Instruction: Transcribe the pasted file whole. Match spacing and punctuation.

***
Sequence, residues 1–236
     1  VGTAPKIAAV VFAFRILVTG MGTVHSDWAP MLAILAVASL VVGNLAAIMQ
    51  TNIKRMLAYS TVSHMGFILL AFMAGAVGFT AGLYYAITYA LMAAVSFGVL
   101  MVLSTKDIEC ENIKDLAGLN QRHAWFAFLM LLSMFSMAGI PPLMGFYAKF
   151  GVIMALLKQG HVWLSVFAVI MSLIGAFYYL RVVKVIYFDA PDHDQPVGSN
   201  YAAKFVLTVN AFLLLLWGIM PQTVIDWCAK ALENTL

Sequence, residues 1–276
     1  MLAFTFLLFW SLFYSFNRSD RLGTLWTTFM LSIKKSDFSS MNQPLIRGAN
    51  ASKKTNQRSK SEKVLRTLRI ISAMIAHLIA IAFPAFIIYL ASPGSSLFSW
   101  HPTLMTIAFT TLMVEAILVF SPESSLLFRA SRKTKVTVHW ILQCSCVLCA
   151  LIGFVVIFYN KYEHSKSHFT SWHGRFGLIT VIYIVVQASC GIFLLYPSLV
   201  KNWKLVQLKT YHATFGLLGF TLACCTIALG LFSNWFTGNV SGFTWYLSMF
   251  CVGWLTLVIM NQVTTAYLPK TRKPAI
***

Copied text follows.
Sequence, residues 1–236
     1  VGTAPKIAAV VFAFRILVTG MGTVHSDWAP MLAILAVASL VVGNLAAIMQ
    51  TNIKRMLAYS TVSHMGFILL AFMAGAVGFT AGLYYAITYA LMAAVSFGVL
   101  MVLSTKDIEC ENIKDLAGLN QRHAWFAFLM LLSMFSMAGI PPLMGFYAKF
   151  GVIMALLKQG HVWLSVFAVI MSLIGAFYYL RVVKVIYFDA PDHDQPVGSN
   201  YAAKFVLTVN AFLLLLWGIM PQTVIDWCAK ALENTL

Sequence, residues 1–276
     1  MLAFTFLLFW SLFYSFNRSD RLGTLWTTFM LSIKKSDFSS MNQPLIRGAN
    51  ASKKTNQRSK SEKVLRTLRI ISAMIAHLIA IAFPAFIIYL ASPGSSLFSW
   101  HPTLMTIAFT TLMVEAILVF SPESSLLFRA SRKTKVTVHW ILQCSCVLCA
   151  LIGFVVIFYN KYEHSKSHFT SWHGRFGLIT VIYIVVQASC GIFLLYPSLV
   201  KNWKLVQLKT YHATFGLLGF TLACCTIALG LFSNWFTGNV SGFTWYLSMF
   251  CVGWLTLVIM NQVTTAYLPK TRKPAI